Dr Clara Sandelind (Sheffield)
Dr Clara Sandelind is a Leverhulme Early Career Postdoctoral Research Fellow, on the project “Trust and Solidarity in Scandinavia: Immigration and Narratives of Bounded Communities”. Her research also investigates normative questions on immigration, refugees and borders. In particular, her research aims at scrutinising the relationship between rights to collective self-determination, on the one hand, and the rights of refugees and migrants, on the other hand.
https://www.sheffield.ac.uk/politics/people/academic/clarasandelind/profile

Other staff associated with this project:

Dr Derek Edyvane (Leeds)
http://www.polis.leeds.ac.uk/people/staff/edyvane/

Dr James Souter (Leeds)
http://www.polis.leeds.ac.uk/people/staff/souter/

Joshua Hobbs (Leeds, PhD student)
 http://www.polis.leeds.ac.uk/people/teaching-assistants/joshua-hobbs

Dr Ashley Taylor (Sheffield)
http://www.sheffield.ac.uk/philosophy/staff/profiles/taylor

Dr Martin Jones (York)
https://www.york.ac.uk/cahr/about-us/our-staff/jones/ 

Professor Maggie O’Neill (York)
https://www.york.ac.uk/sociology/our-staff/academic/maggie-oneill/#profile

Events

21st April 2017: Launch event

A talk on ‘The Duties of Refugees’ by Professor Matt Gibney (Oxford University), with Dr Mollie Gerver (University of Leeds) acting as a discussant.
Time and Location: University of Leeds, Social Science Building 14.33, 3pm-5pm.
A podcast featuring the speakers, and developing the discussion, will shortly be available on our website.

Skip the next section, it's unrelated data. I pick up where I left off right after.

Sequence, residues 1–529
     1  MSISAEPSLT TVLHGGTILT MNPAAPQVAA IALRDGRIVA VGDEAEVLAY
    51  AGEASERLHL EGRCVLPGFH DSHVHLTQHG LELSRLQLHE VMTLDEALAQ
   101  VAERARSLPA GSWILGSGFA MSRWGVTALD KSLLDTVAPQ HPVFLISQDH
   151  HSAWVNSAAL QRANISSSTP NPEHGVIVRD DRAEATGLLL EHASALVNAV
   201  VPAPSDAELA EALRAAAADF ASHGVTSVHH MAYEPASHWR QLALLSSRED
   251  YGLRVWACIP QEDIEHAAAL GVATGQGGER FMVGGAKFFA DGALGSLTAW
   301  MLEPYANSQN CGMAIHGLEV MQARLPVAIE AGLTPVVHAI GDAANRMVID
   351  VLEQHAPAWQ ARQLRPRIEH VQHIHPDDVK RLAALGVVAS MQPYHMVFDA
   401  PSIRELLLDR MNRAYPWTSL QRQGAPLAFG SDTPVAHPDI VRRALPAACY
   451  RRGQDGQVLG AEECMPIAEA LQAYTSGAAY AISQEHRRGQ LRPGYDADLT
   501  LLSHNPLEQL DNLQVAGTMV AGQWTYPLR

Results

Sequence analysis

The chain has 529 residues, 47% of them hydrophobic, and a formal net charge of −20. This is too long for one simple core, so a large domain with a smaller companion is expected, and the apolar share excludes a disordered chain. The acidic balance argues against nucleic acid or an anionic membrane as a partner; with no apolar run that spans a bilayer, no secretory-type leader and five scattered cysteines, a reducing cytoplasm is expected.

21st June 2017: Sheffield Festival of Debate

A panel discussion on ‘What Does Solidarity Mean to You in the Context of Refugee ‘Crises’? This will feature the following exciting line-up of speakers:
– Marcia Vera Espinoza, Research Associate in the “Prospects for International Migration Governance” (MIGPROSP) project, University of Sheffield
– Sarah Fine, Lecturer in Philosophy, Kings College London
– Paul Blomfield (tbc), Member of Parliament for Sheffield Central
– Min Min, Politics and International Relations student at the University of York and former political prisoner in Burma/Myanmar
– Violeta Moreno-Lax (tbc), Lecturer in Law, Queen Mary University of London
– Ashley Taylor, Lecturer in Philosophy, University of Sheffield
– A speaker from City of Sanctuary Sheffield
Time and Location: Brood Cafe Bar @ Roco, Sheffield, 6:00pm to 8:00pm.
The content of this panel discussion will be developed into a concept note, which will serve as a prompt for the workshops which follow.
For more information, see the Sheffield Festival of Debate website:
https://www.festivalofdebate.com/
Tickets are free, and available from the following link:
https://events.ticketsforgood.co.uk/events/259-festival-of-debate-does-solidarity-with-refugees-matter

21st-22nd September 2017: Workshop University of Leeds

Confirmed speakers at the workshop include Professor Christine Straehle (Groeningen University), Professor Maggie O’Neill (University of York), Dr Mihaela Mihai (University of Edinburgh), Dr Violeta Moreno-Law (QMUL), and Dr James Souter (University of Leeds).
Time and Location: TBC

10th November 2017: Workshop University of York

Confirmed speakers at this workshop include Dr Alice Nah (University of York), Dr Clara Sandelind (University of Sheffield), and Dr Kerri Woods (University of Leeds).
Time and Location: TBC

January 2018: Sandpit event

The final event will be a closed workshop developing the project research outputs.
Time and Location: TBC
The exact date of the event will be confirmed nearer the time.

Please check back regularly as further details for these events will be added in due course.